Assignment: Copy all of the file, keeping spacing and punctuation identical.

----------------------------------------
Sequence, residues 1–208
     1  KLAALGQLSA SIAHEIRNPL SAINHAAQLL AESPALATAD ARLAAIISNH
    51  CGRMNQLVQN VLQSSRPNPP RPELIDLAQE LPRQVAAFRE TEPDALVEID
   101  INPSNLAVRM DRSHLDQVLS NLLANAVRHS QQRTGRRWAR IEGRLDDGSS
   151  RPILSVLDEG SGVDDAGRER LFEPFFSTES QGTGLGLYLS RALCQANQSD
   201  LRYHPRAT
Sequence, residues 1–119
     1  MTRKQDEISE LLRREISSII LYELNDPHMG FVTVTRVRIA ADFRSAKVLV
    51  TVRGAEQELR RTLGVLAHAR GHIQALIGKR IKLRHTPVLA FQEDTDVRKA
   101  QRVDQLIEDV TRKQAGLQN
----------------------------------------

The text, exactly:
Sequence, residues 1–208
     1  KLAALGQLSA SIAHEIRNPL SAINHAAQLL AESPALATAD ARLAAIISNH
    51  CGRMNQLVQN VLQSSRPNPP RPELIDLAQE LPRQVAAFRE TEPDALVEID
   101  INPSNLAVRM DRSHLDQVLS NLLANAVRHS QQRTGRRWAR IEGRLDDGSS
   151  RPILSVLDEG SGVDDAGRER LFEPFFSTES QGTGLGLYLS RALCQANQSD
   201  LRYHPRAT
Sequence, residues 1–119
     1  MTRKQDEISE LLRREISSII LYELNDPHMG FVTVTRVRIA ADFRSAKVLV
    51  TVRGAEQELR RTLGVLAHAR GHIQALIGKR IKLRHTPVLA FQEDTDVRKA
   101  QRVDQLIEDV TRKQAGLQN